Traffic relief

Published 9:53 am Tuesday, November 7, 2017

AHOSKIE – At their October meeting, the Ahoskie Town Council heard from Town Manager Kerry McDuffie on proposed changes to Ahoskie Creek Park, with particular emphasis on questions that have arose from area residents with regard to traffic at the public facility.

At the September meeting, resident Henry Daniels presented to the Board a petition signed by his neighbors for a review of traffic in the Park complex, with concern about speeding traffic, the potential for vehicular wrecks and mishaps, and general safe driving ideas. The petition was left for review in the Town Clerk’s office at the Ahoskie Town Hall.

“Our staff has made a list of about a dozen things we feel would significantly and dramatically improve the traffic conditions,” said McDuffie in October.

“However, as far as total dollars, we’ve got no quotes on this; these are just numbers we’ve pulled out as rough estimates.”

The report cited 10 correction items with a cost estimate to the city of between $50,000-and-$60,000:

Adding a sign at the Evans and Academy Streets park entrance. Cost: $3,000;

Adding lights to the Evans St. park entrance. $8,000;

Turn the Main Street tennis courts into a basketball court. $8,000;

Re-route the disc golf hole near the Memorial and Lakeview Drive park entrance. $500;

Construct a new road to connect Memorial and Lakeview closer to the baseball field. $25,000;

Block Memorial Drive at rear property line of 503 Lakeview Drive, and construct a privacy fence around the Memorial-Lakeview corner of the park. $7,000;

Construct barricade on Lakeview at the SW property line of 600 Lakeview Dr. to allow bicycles, golf carts, and pedestrian traffic only; no vehicles. $500;

Install a gate at Camlin St. at the NW property line of 902 Camlin St.; to remain closed except during Heritage Days, July 4th, and other special events. $3,000;

Remove ALL speed bumps from all parts of town. $1,000;

Police department clears the park and closes the Evans St. gate each night after dark and re-open at 5 a.m. each morning.

Total estimate: $56,000

“However, since this will cost us quite a bit of money, not in the budget right now, the staff is recommending we do items 1, 2, and 3 on this list right now,” McDuffie continued. “For items 4-thru-10, let’s hold off until the next budget year after we evaluate the effectiveness of the improvements of the first three.”

McDuffie said if Evans and Memorial is the main entrance to the park, then a sign should be displayed that says so. Afterward, he proposed adding lights at the entrance, not merely for the signage, but also for patrons using the facility either late evening, or early morning.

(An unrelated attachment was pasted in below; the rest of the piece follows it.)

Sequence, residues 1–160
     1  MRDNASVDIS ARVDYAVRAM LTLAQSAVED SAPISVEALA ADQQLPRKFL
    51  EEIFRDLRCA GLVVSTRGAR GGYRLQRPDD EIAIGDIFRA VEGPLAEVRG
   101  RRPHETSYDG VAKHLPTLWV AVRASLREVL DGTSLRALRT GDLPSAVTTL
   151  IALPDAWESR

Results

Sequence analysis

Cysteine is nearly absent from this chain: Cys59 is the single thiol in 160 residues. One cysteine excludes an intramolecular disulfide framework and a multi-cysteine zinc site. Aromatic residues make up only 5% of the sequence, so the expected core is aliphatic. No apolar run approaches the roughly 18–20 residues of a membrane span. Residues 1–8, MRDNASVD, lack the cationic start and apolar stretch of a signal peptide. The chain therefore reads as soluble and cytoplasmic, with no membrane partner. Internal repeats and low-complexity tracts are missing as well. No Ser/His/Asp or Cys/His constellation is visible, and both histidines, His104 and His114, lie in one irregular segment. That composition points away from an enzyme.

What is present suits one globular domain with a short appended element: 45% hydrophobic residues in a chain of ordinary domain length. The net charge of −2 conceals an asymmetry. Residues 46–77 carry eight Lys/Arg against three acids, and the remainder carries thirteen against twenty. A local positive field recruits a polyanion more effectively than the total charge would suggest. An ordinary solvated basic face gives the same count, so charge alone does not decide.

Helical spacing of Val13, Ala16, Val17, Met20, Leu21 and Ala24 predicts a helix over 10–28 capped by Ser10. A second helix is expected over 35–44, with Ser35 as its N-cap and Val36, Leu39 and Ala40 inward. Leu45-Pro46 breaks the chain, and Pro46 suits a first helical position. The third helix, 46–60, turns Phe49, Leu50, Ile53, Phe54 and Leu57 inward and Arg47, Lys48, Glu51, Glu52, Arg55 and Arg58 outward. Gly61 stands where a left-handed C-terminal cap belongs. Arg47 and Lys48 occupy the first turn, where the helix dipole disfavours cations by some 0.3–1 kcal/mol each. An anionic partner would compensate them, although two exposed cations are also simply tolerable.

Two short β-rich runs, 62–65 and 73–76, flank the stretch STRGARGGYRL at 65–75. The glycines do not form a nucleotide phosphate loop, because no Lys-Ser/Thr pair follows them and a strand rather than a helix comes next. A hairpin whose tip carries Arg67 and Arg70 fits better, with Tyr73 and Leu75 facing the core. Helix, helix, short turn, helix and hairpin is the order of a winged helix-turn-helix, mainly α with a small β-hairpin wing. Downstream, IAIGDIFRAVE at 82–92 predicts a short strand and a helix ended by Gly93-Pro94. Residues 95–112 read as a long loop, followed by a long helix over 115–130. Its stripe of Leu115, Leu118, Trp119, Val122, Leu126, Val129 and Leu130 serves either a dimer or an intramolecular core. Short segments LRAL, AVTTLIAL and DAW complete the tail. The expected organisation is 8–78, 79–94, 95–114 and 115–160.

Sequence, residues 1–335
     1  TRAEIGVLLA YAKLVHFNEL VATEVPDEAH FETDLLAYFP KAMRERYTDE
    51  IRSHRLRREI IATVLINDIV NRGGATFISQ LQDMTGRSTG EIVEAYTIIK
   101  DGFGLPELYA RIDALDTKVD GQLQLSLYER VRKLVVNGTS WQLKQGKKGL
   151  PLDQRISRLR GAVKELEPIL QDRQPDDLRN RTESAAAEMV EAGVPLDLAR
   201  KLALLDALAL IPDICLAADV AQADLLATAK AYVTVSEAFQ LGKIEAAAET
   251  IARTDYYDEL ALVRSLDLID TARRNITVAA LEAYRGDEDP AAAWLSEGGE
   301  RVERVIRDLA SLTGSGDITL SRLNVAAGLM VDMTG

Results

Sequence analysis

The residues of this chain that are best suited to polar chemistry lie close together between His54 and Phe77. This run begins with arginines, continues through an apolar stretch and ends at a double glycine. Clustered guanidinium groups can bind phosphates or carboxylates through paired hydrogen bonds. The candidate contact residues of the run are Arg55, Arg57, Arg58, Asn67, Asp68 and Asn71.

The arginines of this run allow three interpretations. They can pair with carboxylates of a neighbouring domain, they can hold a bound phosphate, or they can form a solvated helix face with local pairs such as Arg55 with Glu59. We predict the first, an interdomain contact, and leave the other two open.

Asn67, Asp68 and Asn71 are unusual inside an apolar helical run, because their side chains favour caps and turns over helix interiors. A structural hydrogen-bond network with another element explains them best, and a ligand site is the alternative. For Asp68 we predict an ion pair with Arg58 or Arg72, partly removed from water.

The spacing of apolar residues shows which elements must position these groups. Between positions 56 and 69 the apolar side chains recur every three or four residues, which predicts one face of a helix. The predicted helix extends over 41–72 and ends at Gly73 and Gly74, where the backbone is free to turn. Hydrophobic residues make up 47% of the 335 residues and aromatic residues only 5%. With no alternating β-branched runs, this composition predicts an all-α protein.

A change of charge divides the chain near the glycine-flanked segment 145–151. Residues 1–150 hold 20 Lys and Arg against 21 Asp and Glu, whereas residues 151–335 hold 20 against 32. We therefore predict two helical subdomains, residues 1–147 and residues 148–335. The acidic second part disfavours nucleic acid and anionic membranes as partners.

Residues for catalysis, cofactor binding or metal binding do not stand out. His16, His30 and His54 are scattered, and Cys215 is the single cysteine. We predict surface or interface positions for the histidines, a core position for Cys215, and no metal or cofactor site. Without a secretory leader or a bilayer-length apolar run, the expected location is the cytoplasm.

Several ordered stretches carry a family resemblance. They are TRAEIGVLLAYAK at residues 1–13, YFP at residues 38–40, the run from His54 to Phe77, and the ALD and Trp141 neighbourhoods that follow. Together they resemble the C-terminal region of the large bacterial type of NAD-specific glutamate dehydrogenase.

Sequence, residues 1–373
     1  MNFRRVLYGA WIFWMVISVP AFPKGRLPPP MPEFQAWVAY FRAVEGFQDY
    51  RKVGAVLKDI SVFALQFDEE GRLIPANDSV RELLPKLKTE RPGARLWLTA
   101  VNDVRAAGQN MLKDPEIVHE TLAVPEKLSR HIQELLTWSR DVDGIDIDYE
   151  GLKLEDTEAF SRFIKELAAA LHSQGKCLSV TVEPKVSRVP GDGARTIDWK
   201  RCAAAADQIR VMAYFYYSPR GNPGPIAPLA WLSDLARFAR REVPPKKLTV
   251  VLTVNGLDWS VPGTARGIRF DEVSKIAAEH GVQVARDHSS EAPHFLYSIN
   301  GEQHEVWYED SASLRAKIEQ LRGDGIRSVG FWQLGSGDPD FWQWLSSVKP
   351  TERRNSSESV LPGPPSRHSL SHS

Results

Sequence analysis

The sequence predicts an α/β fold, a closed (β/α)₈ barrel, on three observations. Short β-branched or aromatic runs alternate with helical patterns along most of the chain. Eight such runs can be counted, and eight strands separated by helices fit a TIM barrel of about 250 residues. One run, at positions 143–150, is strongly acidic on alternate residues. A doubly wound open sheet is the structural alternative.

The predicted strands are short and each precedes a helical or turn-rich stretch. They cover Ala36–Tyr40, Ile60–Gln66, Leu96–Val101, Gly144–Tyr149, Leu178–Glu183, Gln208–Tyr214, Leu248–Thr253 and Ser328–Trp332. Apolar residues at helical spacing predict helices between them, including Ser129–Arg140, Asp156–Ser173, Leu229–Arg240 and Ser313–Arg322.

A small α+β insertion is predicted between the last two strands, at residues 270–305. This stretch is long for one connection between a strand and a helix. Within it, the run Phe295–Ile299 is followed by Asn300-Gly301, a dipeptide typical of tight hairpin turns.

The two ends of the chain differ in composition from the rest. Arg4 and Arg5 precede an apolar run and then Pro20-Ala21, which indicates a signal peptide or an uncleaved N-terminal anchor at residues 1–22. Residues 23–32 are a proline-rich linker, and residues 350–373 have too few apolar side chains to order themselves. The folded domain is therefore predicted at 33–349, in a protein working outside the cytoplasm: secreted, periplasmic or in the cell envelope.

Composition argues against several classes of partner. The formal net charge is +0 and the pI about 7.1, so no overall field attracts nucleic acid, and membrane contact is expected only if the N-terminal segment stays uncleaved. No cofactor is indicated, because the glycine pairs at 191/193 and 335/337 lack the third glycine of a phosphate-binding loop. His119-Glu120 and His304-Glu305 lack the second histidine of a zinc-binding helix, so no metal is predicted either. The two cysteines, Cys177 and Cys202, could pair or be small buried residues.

“The $8,000 (estimate) is if we were to put the lights up ourselves, own and maintain it,” he noted.

“But it may be better if Dominion Power put them up and we pay for them like you would a street light. It might be at significantly lower cost to us.”

The Town Manager suggested converting the tennis courts on Main Street to basketball courts not only to reduce foot traffic at the park, but also to add an additional outdoor basketball facility on Main.

“Those tennis courts have wear and tear that make them less than ideal for tennis,” he stated. “But they’re better built for basketball and we’ve really not had that many people come in and make inquiries about using the tennis courts.”

Councilwoman Linda Blackburn said residents have held meetings regarding suggestions and recommendations for the park, and she asked if this group would be involved in the decision-making with the staff’s proposals.

“They can be, but (so far) they have not,” McDuffie answered.

“I just wish they could hear this and be a part of it, even if there are disagreements,” Blackburn urged. “Part of that is why they brought this to our attention.”

Councilman Matt Bradley mentioned that he had spoken to Daniels and his group informally, and updated them that Council was working on solutions for the residents’ concerns.

“Sometimes people bring in these concerns, ideas, and suggestions before us, and they don’t hear back from us to know what we’re doing because this is great,” said Blackburn.

“I just want them to know what’s going on, because they brought this to our attention, and need to know what we’re doing; it keeps them involved.”

Councilman Charles Freeman suggested tabling the staff recommendations for park and recreation upgrades and inviting Daniels and his group to Council’s November meeting since it is scheduled for 7 p.m. in the evening.

“That’s because of the large number that showed up (in September),” Freeman noted. “And, that meeting is also at night (7 p.m.).”

“I agree, because there are a lot of people who are interested in this,” added Blackburn. “Plus, we’re going to need their support.”

Freeman then made a motion to table the staff’s recommendations until the November meeting, seconded by Councilman Rev. C. David Stackhouse. It passed unanimously with a 5-0 Council vote.